In testimony before Congress, CIA Director George Tenet said North Korea's defiance of non-proliferation agreements is a worrying development. Mr. Tenet and lawmakers linked the question of North Korea's nuclear weapons development with the threat posed by terrorist groups.
Mr. Tenet says North Korea's admissions about its efforts to process highly-enriched uranium, among other developments, pose a "serious danger" for the East Asian region, and the world.
North Korea, says the CIA director, is an example of "the weakening of the international proliferation consensus". "Kim Jong Il's attempts this past year to parlay the North's nuclear weapons program into political leverage suggest he is trying to negotiate a fundamentally different relationship with Washington, one that implicitly tolerates North Korea's nuclear weapons program."
Mr. Tenet says North Korean developments coincide with a worrying threat posed by "non-state" terrorists, such as al-Qaida and other groups, who could use biological, chemical or nuclear materials to stage attacks. He says the world faces, what he calls, "a new "domino theory of the 21st century" in which non-nuclear states may be seizing the opportunity to go nuclear. "The example of new nuclear states that seem able to deter threats from more powerful states simply by brandishing nuclear weaponry, will resonate deeply among other countries that want to enter the nuclear weapons club," says Mr. Tenet.
The Bush administration has been sharply criticized by some lawmakers, principally Democrats, who say Washington should be treating North Korea as a "crisis."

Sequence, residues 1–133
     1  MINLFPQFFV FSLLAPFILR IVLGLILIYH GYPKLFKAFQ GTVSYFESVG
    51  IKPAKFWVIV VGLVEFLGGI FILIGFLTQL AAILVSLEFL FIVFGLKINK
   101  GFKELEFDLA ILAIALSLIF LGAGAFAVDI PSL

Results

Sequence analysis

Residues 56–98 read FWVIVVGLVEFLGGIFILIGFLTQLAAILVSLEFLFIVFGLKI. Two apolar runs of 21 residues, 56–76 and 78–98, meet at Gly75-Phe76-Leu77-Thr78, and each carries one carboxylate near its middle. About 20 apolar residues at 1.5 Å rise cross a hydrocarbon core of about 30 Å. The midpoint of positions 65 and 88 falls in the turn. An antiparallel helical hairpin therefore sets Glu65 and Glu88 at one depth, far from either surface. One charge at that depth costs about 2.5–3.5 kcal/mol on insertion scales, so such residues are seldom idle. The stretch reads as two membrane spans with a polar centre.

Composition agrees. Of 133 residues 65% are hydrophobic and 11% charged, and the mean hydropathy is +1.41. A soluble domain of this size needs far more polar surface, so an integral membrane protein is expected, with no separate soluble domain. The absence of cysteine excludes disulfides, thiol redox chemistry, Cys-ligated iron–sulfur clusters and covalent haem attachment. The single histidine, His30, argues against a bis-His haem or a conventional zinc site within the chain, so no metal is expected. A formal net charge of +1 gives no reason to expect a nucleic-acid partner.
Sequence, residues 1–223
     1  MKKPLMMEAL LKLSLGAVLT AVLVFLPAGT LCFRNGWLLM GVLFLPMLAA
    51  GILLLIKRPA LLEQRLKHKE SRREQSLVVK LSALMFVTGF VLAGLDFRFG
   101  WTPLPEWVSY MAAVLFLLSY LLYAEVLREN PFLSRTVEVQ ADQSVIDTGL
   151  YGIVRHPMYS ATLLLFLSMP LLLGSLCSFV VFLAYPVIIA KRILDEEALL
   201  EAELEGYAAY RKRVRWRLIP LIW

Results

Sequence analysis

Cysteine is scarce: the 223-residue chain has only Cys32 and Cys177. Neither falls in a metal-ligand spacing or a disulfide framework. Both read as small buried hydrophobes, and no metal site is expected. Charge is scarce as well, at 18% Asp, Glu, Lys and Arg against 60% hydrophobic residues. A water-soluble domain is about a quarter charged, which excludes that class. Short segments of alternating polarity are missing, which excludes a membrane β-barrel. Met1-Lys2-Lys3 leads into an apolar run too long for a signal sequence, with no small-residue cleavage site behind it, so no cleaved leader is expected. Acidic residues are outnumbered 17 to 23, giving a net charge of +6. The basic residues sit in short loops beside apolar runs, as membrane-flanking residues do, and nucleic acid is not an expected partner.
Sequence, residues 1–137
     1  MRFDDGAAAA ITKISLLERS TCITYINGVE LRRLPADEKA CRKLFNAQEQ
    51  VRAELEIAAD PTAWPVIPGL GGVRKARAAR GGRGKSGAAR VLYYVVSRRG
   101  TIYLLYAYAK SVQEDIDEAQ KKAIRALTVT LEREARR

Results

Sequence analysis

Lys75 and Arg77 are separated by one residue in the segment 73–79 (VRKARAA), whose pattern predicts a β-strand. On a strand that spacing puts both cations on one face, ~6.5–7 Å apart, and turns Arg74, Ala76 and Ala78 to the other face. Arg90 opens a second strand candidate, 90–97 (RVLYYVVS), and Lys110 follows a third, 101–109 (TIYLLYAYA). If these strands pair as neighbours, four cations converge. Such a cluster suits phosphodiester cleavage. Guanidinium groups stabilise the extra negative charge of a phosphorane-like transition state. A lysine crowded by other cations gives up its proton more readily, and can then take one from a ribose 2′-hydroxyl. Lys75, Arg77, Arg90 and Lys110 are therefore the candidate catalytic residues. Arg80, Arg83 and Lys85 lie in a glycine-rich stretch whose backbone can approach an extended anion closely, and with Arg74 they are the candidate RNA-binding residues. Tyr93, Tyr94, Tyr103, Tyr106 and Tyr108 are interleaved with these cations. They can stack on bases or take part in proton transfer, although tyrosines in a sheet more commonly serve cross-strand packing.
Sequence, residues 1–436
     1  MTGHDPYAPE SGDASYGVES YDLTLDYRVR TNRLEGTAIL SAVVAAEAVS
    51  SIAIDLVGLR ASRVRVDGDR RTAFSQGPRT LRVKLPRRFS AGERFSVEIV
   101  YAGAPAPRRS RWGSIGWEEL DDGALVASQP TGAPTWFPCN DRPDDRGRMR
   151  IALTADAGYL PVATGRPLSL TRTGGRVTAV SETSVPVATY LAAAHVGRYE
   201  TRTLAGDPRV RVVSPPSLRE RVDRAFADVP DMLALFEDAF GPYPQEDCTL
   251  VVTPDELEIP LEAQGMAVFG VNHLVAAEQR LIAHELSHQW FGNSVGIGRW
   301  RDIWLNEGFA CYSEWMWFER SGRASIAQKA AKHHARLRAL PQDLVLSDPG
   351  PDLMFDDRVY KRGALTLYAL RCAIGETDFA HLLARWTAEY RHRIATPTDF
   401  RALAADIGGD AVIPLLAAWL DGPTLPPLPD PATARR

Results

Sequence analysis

"The fact that our intelligence community describes it accurately, as a crisis, it seems to me is at least a beginning of a fair assessment of how serious that is," says Senator Carl Levin.
Republican Senator Pat Roberts of Kansas, the Committee chairman, cautioned that all threats whether from North Korea or al-Qaida need to be treated as serious challenges for U.S. national security. "All this is related. We have a tendency to say, North Korea is the number one issue," says Senator Roberts. "Then, Director Tenet says al-Qaida is the number one issue. Then the President says Iraq is the number one issue. They are all inter-related."
Also testifying before the Senate Committee on Intelligence, FBI Director Robert Mueller said the United States needs to be especially vigilant about the threat of proliferation of weapons materials to terrorist groups. "Acquisition of such weapons would be a huge morale boost for those seeking our destruction while engendering widespread fear among Americans and among our allies."
Mr. Mueller says seven countries the United States has designated as state sponsors of terrorism North Korea, Iraq, Iran, Syria, Sudan, Libya, and Cuba in his words, remain active in the United States and continue to support terrorist groups that have targeted Americans.